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Spartacus

Spartacus is a drama about a Thracian soldier imprisoned by the Roman Republic around the turn of the 1st century BC. He is sold into slavery and trained to be a gladiator in the city of Capua. STARZ 2010-???

68
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Viewer
69
/100

Episode 1 - Enemies of Rome

1 February 2013

Synopsis: After defeating Glaber and liberating slaves from the mines the rebel army has grown into the thousands. They defeat a Roman army under commanders Cassinius and Furius but cannot capture them. Spartacus is wary of Gannicus’ lengthy celebrations while the common man in the camp begins to feel distant from their Godlike leader. Senator Metellus is sent to ask Marcus Crassus to raise ten thousand men to fight Spartacus. Crassus agrees to fight under Cassinius and Furius but his messenger is captured giving away their location. Spartacus takes the heads of both men while Crassus continues training with a former gladiator Hilarus.

The Good: The producers of Spartacus learnt all the lessons of their own success in this season premiere. Conflict and personality clash amongst the former gladiators, check. A compelling and wise villain, check. A cinematically interesting physical conflict as the high point of the episode, check.

That last point might seem obvious but it really isn’t. Mass battles can make for an entertaining visual spectacle but they very rarely generate much emotion in the viewer. What made seasons one and two of Spartacus so entertaining was that confrontations between two men could be built up to and then executed with an appropriate twist to grab the viewer and suck them into caring about the result. The dual fight scenes as Crassus outsmarted Hilarius and Spartacus took the heads of Cassinius and Furius was terrific. The victory of Spartacus was obvious as three men slaughtered two dozen without much difficulty. However that exaggeration of individual skill worked neatly to underline what a serious threat Marcus Crassus is. Crassus surprisingly asks his slave (and former gladiator) Hilarus to try and kill him and as we were led to believe Hilarius defeats him. As Hilarius is about to kill him Crassus takes hold of the sword swinging toward him, slicing his hands badly, and swings around driving it back into Hilarius. As Hilarius dies Crassus spells out the overall theme of the season: knowledge and patience are the only ways to defeat someone with greater skill. Crassus is thus set up as a worthy replacement for Batiatus, someone smart enough not to underestimate Spartacus and willing to use the real life virtues of the Roman military to wear down and crush the slave army. Now we have to see if in the STARZ version history will repeat itself.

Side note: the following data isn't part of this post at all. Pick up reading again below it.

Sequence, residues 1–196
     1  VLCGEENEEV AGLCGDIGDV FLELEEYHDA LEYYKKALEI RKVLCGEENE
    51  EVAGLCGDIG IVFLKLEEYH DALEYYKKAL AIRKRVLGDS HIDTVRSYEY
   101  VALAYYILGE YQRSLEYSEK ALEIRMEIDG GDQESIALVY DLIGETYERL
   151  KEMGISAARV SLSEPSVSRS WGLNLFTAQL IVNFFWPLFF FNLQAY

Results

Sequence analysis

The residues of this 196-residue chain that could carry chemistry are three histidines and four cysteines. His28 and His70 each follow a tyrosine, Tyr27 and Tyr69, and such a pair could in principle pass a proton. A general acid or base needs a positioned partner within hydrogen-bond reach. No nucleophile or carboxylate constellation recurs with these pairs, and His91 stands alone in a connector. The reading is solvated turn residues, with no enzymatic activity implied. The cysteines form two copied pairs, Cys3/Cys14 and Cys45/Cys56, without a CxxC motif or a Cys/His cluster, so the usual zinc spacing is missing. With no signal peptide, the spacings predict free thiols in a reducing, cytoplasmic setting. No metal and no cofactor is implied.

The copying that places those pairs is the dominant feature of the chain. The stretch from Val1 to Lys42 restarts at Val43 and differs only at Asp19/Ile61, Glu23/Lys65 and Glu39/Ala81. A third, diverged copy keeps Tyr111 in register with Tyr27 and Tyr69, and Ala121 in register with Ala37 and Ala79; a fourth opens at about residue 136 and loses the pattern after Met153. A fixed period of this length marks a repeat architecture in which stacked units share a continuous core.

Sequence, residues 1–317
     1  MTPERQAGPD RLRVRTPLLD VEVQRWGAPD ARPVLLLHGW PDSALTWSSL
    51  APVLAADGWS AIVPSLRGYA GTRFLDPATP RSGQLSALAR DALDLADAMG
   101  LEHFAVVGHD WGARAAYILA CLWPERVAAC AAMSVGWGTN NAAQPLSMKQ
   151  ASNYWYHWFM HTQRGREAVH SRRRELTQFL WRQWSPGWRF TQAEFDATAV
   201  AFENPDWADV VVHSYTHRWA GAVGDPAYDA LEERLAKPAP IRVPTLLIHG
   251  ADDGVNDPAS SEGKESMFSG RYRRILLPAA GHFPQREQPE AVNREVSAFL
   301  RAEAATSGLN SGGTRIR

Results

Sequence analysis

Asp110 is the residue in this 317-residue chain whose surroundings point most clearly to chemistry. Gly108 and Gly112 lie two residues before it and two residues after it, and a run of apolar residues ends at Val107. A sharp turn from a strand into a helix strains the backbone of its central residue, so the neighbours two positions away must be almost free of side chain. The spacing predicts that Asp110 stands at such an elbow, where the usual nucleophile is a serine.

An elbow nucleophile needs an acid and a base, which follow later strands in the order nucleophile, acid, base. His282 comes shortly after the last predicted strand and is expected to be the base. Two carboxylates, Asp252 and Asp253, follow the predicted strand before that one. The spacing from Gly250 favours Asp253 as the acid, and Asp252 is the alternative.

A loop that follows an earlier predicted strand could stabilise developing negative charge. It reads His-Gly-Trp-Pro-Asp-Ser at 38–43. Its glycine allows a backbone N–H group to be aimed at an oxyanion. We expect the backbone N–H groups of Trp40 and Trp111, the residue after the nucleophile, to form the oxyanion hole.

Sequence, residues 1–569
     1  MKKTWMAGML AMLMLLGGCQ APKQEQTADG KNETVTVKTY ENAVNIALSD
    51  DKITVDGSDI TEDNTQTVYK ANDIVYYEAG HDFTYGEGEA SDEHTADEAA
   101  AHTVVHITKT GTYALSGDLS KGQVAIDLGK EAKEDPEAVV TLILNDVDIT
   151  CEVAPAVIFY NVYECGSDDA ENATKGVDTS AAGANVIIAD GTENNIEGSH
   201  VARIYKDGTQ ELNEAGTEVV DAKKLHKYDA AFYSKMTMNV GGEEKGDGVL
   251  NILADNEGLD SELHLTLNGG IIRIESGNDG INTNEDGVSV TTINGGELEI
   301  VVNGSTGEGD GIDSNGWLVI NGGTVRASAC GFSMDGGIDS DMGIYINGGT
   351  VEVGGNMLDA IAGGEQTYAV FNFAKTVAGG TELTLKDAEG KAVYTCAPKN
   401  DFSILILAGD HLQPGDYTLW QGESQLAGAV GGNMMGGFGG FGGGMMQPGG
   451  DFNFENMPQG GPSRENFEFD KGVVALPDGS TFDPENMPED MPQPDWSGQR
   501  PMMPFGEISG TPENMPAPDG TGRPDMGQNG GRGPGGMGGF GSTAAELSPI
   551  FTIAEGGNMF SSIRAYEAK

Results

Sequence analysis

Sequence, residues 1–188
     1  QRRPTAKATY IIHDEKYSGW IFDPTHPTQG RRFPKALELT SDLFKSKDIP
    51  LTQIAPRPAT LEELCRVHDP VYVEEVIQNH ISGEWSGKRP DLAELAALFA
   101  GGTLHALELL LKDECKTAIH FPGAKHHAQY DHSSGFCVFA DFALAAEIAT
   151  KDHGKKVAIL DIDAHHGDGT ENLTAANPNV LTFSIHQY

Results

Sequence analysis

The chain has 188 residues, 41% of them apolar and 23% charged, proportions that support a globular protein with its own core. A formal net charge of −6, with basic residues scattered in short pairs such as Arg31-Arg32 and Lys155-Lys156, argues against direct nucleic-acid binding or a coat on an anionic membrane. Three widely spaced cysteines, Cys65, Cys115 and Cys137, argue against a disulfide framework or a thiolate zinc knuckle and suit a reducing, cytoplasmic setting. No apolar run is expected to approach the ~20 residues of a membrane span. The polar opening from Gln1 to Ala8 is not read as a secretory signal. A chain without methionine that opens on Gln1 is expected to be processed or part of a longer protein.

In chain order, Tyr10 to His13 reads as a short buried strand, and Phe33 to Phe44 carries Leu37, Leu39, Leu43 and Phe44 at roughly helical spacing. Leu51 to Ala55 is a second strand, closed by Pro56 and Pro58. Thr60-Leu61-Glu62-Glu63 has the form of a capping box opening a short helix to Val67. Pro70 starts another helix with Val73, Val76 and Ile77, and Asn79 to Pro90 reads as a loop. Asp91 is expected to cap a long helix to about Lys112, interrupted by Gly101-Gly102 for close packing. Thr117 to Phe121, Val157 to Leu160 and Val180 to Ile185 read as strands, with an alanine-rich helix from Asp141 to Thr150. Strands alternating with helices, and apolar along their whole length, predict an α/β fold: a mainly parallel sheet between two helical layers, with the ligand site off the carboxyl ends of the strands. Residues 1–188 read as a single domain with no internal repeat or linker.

I thought the writers and Simon Merrells did a tremendous job with the character of Crassus. Rather than a simple plutocrat trying to buy his way into history he was portrayed as kind and caring to those around him while unapologetically ruthless in matters of business. As with Batiatus, the addition of kindness to his persona (as was absent with Glaber), make it far easier to care about his story. His genuine concern for his sons, inappropriate attachment to his slave Kore and healthy respect for Hilarius were instantly humanising. Of course he was just as ruthless as our favourite lanista, sacrificing his own messengers along with Cassinius and Furius to take the command he feels he deserves.